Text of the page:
While Sergeant Dodgson was trying to keep the bus passengers together, he "noticed" Mr. McMillian walking away and "went over to him and ... asked him to come back and just ... stick around for a little while [because he] wanted to talk to everybody...." Mr. McMillian complied. Sergeant Dodgson then returned to the female bus passenger to obtain "more information from her." When he realized that Mr. McMillian "was leaving a second time when everybody else was for the most part sticking around [and that he had reached] just beyond the bank at 6th and C Street," he proceeded to follow Mr. McMillian. As he did so, "another individual that was standing there stated to [him]...[,] be careful he's a bad ass." Sergeant Dodgson approached Mr. McMillian and said, "excuse me, ... I need your help.... I'm looking for two suspects that snatched a lady's purse, I know you were on that bus, if you would come back with me[,] ... I'll ask you a few questions and that will be it." Sergeant Dodgson spoke in a "firm" voice, but did not draw his gun. Mr. McMillian again complied with the sergeant's request. The two returned to the bus "side by side." By that time, most of the bus passengers had left the area, including the woman who had provided information about her elderly seat mate.

Around this time, which was approximately nine minutes from the time Sergeant Dodgson's vehicle positioned itself in front of the bus, Officer Pond of the Capitol Police had arrived. Sergeant Dodgson asked Officers Paradis and Pond to "keep an eye on [Mr. McMillian]...." The sergeant then boarded the bus, went to "the back of the bus about where [he] had seen Mr. McMillian sitting prior to [his] exiting the bus and [saw] a blue T-shirt sitting on the seat." The bus driver, who had followed Sergeant Dodgson, "said the guy that you brought back from behind the bank in the white T-shirt boarded my bus in the Potomac Gardens area and was wearing that shirt [meaning the blue T-shirt]." And, "at that point and time, [Sergeant Dodgson] thought that it's a possibility that Mr. McMillian could be the shooter," for the crime he was monitoring earlier. The bus driver said "when [Mr. McMillian] boarded the bus in the Potomac Gardens area he was wearing a blue T-shirt and he didn't pay the fare." When Mr. McMillian had exited the bus, he wore a white T-shirt. Sergeant Dodgson left the bus "and told Officer Paradis to handcuff Mr. McMillian." Sergeant Dodgson saw a Metropolitan Police Department ("MPD") officer, later identified as Sergeant Edward Smith, get on the bus, but apparently neither spoke at that time. Sergeant Dodgson asked Officer Paradis to secure Mr. McMillian.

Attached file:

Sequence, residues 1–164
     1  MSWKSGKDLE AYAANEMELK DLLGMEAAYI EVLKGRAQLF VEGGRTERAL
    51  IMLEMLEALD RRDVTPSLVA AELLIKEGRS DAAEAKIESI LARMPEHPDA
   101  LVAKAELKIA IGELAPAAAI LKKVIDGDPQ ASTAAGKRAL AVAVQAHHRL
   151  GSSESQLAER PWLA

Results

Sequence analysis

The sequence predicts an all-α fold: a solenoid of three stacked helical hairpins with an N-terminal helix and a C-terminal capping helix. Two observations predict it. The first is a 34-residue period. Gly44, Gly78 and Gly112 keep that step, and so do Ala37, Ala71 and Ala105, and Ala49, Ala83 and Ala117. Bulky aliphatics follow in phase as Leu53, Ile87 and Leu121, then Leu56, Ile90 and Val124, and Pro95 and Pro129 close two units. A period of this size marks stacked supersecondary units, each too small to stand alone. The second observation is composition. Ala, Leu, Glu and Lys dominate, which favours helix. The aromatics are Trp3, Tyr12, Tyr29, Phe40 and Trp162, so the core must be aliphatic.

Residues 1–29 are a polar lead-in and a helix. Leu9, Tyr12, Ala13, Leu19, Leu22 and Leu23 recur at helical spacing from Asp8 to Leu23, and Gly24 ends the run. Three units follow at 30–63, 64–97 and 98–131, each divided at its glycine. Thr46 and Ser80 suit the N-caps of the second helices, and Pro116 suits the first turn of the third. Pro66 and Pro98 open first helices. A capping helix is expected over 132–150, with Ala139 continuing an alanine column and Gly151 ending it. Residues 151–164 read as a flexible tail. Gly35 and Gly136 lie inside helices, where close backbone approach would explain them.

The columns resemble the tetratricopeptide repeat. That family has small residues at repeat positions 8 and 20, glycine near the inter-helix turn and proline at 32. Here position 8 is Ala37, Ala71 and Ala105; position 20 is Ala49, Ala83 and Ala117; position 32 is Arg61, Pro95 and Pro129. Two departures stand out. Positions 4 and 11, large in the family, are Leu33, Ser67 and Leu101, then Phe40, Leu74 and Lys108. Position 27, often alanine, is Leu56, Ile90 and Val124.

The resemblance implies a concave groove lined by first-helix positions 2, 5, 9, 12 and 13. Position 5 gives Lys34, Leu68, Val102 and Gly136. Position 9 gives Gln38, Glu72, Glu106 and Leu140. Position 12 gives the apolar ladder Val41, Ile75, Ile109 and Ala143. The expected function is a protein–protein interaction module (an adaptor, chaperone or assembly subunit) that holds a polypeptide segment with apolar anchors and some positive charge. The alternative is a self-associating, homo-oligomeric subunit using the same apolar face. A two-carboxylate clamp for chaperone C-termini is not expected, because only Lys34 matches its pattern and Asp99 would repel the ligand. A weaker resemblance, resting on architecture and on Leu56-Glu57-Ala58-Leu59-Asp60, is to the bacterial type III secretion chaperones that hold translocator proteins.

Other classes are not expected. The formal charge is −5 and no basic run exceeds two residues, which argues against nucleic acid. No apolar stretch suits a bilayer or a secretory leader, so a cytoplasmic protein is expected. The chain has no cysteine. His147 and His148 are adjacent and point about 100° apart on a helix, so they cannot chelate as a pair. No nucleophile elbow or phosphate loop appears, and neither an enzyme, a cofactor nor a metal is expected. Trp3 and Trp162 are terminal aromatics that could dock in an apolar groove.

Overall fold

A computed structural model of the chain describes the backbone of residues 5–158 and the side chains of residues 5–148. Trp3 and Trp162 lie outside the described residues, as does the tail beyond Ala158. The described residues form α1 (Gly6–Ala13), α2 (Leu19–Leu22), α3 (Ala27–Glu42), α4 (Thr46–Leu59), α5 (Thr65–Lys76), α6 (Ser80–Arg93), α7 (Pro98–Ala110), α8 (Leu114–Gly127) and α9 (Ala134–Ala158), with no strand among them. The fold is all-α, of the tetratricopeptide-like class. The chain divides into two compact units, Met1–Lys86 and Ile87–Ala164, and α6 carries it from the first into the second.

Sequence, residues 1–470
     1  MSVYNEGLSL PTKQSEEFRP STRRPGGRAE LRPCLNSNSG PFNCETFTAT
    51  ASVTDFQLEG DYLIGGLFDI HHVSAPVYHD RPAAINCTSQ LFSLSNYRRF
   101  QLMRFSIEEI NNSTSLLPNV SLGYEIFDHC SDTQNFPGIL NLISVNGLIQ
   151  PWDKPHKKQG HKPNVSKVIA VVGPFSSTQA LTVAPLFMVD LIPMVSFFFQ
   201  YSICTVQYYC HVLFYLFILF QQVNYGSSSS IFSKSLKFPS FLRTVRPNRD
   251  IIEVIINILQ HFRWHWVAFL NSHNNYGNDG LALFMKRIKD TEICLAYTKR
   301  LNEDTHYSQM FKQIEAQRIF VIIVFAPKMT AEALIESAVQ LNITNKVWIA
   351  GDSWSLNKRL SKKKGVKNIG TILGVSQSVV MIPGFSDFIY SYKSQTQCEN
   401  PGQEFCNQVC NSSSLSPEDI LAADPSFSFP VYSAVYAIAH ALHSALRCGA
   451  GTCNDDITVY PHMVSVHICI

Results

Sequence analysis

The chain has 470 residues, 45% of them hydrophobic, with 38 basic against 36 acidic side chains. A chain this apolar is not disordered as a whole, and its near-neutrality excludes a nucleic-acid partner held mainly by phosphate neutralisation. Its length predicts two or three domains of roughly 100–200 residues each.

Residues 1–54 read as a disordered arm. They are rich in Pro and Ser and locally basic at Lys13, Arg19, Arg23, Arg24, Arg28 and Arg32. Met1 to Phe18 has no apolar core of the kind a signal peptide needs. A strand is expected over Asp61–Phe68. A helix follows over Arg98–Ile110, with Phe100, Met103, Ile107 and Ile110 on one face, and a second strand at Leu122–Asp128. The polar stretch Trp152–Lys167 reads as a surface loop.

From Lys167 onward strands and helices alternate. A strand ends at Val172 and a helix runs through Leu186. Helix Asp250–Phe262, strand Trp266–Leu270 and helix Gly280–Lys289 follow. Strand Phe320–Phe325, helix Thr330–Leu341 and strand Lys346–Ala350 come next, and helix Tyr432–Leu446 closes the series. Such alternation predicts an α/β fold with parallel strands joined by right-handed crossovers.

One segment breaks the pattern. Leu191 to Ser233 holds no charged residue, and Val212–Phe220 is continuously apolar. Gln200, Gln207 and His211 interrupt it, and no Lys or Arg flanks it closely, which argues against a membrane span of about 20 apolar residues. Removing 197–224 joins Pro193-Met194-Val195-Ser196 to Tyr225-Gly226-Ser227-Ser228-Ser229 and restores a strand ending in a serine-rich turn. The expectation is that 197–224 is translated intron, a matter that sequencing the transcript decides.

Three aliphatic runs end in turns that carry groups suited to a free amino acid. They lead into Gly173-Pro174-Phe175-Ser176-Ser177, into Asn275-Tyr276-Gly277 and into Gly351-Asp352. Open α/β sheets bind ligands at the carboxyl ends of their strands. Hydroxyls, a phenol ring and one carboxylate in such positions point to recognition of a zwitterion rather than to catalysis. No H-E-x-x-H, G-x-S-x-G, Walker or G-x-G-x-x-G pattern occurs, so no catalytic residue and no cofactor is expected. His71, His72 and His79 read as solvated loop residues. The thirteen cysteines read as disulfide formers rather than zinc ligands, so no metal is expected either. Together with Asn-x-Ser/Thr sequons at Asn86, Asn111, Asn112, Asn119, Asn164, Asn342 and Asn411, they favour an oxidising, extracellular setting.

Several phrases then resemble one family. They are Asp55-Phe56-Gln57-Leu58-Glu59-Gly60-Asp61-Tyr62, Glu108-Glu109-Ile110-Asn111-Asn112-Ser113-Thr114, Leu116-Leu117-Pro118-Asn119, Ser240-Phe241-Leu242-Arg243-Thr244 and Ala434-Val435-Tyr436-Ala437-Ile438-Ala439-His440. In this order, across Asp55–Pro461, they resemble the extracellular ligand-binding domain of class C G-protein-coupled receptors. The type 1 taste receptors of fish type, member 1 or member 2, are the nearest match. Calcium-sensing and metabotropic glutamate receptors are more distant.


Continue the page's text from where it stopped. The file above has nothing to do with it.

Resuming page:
Earlier on the same day, Sergeant Edward Smith, then attached to the MPD First District substation, had "monitored a radio run for . . . a shooting" in the 900 block of 14th Street, Southeast. The radio broadcast occurred around 2:27 p.m., and stated that "a possible suspect" was believed to be on a bus at 6th and Pennsylvania Avenue. He went to the location of the Metro bus and "observed two Capitol Police officers who were already there." Initially, he thought they also were investigating the shooting in the 900 block of 14th Street, S.E., but learned that they "were investigating a separate crime...." An officer was standing outside the bus "near a male subject," who "was standing in the tree box area that [was] almost directly in front of the front entrance or exit of the Metro bus." At approximately 2:32 p.m., Sergeant Smith learned from the bus driver that the man the Capitol Police had secured outside of the bus earlier "was moving around and up to something in the back of the bus and had in fact changed his clothes in the rear of the bus and left his shirt back there." The bus driver directed Sergeant Smith to the rear of the bus where Sergeant Smith saw "a dark blue shirt on the seat." There was...